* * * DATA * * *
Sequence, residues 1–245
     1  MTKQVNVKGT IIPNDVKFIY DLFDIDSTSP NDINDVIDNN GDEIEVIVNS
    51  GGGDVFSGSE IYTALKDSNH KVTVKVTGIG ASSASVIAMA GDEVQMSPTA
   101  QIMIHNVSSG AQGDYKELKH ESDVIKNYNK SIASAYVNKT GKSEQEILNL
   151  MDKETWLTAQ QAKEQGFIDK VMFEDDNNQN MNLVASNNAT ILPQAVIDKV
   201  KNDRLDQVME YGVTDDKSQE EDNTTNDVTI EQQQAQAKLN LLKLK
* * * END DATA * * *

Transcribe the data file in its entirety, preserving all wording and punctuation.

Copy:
Sequence, residues 1–245
     1  MTKQVNVKGT IIPNDVKFIY DLFDIDSTSP NDINDVIDNN GDEIEVIVNS
    51  GGGDVFSGSE IYTALKDSNH KVTVKVTGIG ASSASVIAMA GDEVQMSPTA
   101  QIMIHNVSSG AQGDYKELKH ESDVIKNYNK SIASAYVNKT GKSEQEILNL
   151  MDKETWLTAQ QAKEQGFIDK VMFEDDNNQN MNLVASNNAT ILPQAVIDKV
   201  KNDRLDQVME YGVTDDKSQE EDNTTNDVTI EQQQAQAKLN LLKLK